Ta je res dobra. Medtem ko so si tako v medijih kot v poslovnem svetu oddahnili, ko je Steve Ballmer končno povedal, da se umika iz vodenja Microsofta, pa Ben Thompson (nekdanji produktni menedžer za Windows) razmišlja o tem, kaj bi bilo, če bi Ballmer (po nesreči) vodil Apple? Apple bi bil po Thomposonovem mnenju visoko dobičkonosno podjetje in njegovi produkti bi bili standardizirani in vključeni v vsako osnovno šolo. Toda z Ballmerjem Apple sploh ne bi postal Apple. Ne bi bi bil inovativen. Kajti inovativnost in maksimizacija dobička sta si največkrat v nasprotju. Inoviranje pomeni tveganje, hudega tveganja pa menedžerji, ki so nagrajeni z opcijami glede na prikazan dobiček in rast tečajev delnic, ne marajo. Sploh pa, kot pravi Thompson, je bistvo v nemerljivih stvareh in ne v dobičku. Kako izmeriti dizajn ali zadovoljstvo kupca? Trg potrošniških izdelkov sloni na nemerljivih stvareh, česar pa seveda “Ballmerji” ne morejo razumeti. Zato je Microsoft postal irelevanten.
Imagine Steve Ballmer was right now the CEO of Apple, with the same set of products and opportunities. Suspend disbelief about cultural clashes, or organizational structure. Presume Ballmer could set the strategy, and that Apple would execute it accordingly.
In this scenario Apple would make more money in the next five years than they will under Tim Cook.
At this point, I’ve fully backed off of last week’s post and believe the iPhone 5C will cost (at least) $450 (I’ll explain why soon); Ballmer, however, would push out the low cost version I advocated and attack non-subsidized markets. Ballmer would do more than catch enterprise accounts that fall in his lap; he would aggressively court CIOs and make changes to the iPhone to accommodate them. Ballmer would expand the iPad range to multiple screen sizes and price points, and would push for every school district in the world to standardize on them, far more aggressively than Apple is today. Ballmer would leverage iTunes, and all those credit cards, by making a play for payments and identity. As for computers, well, the XMac might even become a reality.
The revenue and profits would flow.
And yet, under Ballmer, everyone at Apple would be working so hard, and be making so much money, both for themselves and for Apple’s shareholders, that they would ensure that Apple never again reinvents consumer computing.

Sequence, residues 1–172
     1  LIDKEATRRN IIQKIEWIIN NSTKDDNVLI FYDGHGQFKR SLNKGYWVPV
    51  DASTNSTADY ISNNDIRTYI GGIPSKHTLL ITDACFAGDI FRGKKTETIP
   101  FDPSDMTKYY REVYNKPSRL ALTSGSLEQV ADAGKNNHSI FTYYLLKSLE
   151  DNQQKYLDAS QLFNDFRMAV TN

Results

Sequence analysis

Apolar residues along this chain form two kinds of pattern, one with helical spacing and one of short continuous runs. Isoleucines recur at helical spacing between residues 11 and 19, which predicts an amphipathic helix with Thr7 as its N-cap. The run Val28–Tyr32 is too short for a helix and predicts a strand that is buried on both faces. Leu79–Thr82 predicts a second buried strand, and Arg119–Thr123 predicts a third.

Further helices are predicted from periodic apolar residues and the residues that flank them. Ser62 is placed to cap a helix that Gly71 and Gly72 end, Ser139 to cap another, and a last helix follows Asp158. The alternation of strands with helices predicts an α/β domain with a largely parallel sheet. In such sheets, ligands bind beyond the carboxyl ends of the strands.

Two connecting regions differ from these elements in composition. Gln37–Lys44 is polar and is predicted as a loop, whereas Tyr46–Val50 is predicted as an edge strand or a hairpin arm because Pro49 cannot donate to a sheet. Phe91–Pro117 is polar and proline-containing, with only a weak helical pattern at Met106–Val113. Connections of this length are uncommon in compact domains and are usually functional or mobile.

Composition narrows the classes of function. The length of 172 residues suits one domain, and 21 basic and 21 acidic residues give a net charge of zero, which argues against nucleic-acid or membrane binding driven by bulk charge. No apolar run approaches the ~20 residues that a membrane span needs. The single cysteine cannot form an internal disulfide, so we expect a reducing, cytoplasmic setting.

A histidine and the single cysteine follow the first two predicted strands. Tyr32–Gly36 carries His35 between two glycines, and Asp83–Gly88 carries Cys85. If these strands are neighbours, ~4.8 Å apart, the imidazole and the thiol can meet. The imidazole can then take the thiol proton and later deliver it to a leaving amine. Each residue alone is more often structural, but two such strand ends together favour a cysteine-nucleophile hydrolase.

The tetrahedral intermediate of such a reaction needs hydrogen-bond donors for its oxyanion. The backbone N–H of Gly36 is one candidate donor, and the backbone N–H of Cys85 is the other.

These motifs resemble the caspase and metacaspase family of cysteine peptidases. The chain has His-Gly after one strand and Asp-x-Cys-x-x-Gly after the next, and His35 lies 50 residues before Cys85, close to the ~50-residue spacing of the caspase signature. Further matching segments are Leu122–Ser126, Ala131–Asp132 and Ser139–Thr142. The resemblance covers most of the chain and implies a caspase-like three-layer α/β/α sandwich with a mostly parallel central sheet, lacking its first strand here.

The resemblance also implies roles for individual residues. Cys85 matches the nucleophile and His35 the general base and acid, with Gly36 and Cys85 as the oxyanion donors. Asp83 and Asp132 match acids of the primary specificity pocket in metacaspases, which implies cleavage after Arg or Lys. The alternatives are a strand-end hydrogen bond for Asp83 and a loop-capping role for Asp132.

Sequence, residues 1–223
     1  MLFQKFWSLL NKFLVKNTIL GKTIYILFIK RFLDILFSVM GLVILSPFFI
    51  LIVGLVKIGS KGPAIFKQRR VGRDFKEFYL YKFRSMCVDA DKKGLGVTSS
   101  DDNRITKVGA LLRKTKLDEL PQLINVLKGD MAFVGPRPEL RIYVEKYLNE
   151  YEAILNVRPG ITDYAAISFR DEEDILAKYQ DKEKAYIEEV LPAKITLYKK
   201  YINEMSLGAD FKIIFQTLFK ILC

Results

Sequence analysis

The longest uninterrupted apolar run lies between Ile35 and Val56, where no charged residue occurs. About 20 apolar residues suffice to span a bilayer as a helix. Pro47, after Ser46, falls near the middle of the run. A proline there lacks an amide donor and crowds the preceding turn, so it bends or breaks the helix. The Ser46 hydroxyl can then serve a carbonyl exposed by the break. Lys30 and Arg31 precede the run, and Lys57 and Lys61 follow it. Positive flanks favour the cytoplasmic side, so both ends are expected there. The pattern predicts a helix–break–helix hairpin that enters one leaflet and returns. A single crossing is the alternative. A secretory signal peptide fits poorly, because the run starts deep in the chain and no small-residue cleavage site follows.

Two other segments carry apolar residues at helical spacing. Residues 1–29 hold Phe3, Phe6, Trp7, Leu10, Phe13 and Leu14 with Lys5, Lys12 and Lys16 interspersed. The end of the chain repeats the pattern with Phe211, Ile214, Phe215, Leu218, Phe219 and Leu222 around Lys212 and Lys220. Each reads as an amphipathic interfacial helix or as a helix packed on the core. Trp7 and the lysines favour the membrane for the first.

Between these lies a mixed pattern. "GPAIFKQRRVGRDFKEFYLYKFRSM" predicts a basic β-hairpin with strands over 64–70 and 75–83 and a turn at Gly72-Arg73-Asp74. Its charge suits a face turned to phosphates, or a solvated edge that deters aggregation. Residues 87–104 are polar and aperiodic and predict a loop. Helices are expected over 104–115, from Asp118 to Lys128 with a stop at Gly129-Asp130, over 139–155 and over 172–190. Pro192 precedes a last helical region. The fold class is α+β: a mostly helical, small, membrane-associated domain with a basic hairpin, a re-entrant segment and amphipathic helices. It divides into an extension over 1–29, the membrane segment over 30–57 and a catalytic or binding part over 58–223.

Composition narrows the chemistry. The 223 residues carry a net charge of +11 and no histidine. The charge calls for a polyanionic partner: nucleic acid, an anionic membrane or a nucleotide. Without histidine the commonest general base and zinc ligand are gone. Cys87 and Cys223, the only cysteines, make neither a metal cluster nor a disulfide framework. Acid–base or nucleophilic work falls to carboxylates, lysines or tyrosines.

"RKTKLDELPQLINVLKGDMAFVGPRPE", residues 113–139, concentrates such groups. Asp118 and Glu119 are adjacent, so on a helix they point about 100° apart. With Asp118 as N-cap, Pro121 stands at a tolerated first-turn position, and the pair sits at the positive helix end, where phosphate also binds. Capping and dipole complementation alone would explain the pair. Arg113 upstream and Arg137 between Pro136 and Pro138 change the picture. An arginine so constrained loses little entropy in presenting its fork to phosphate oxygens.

See, if Steve Ballmer were the CEO, Apple would make more money, but they would slowly but surely become irrelevant. Just like Microsoft.
There it is, unprompted. In addition to putting a computer on every desk, Steve Ballmer is most proud of “do[ing] a good job for [Microsoft’s] shareholders.” And, by definition, shareholders care about dollars and cents.
And so, dollars and cents were a central focus for Ballmer, and for Microsoft. Employees were incentivized by dollars and cents in the form of bonuses and stock grants. Bonuses and stock grants were tied to a stack ranking system, that devolved your performance to a number. What was measurable mattered, particularly if it was measured in money.
The result is inevitable: Microsoft is a company filled with people motivated by measurables like salary, bonus, and job level. Anyone who isn’t would necessarily leave. Unsurprisingly, said people make choices based on measurables, whether those be consumer preferences, focus group answers, or telemetrics. The human mind is flexible, but only to a point.
In other words, over time, as you incentivize your workforce through measurables, you eventually have a workforce that only thinks in measurables. You ultimately have a workforce of mini-Ballmers.
Yet, if Apple’s success has proven anything, it’s that measurables aren’t the half of it. Things like design can’t be measured, nor can user experience. How do you price delight, or discount annoyance? How much is an Apple genius worth?
In the consumer market, it’s the immeasurables that matter. It’s the ability to surprise and delight, and create evangelists. It’s about creating something that developers demand access to, and that consumers implicity trust. The consumer market is about everything you can’t measure, everything Microsoft’s legion of mini-Ballmer’s can’t see and will never appreciate.
It turns out that all of Ballmer’s good qualities, especially when it came to maximizing revenue and profits, were also his worst qualities, especially as the consumer market came to dominate computing. And, to Microsoft’s short-term benefit but long-term detriment, the incentives Microsoft gave its employees to achieve Ballmer’s aims choked out the sensitivity to truly understand what’s next.
I think the driver is motivation. Last summer Jony Ive said [Apple]:
Our goal isn’t to make money. Our goal absolutely at Apple is not to make money. This may sound a little flippant, but it’s the truth…Our goal and what gets us excited is to try to make great products. We trust that if we are successful people will like them, and if we are operationally competent we will make revenue, but we are very clear about our goal.
There was scoffing a plenty, but I actually think it’s true; Apple employees are (for the most part) intrinsically motivated. And Apple, relative to Microsoft, is infinitely more relevant to the future of computing.
Vir: Ben Thompson, stratechery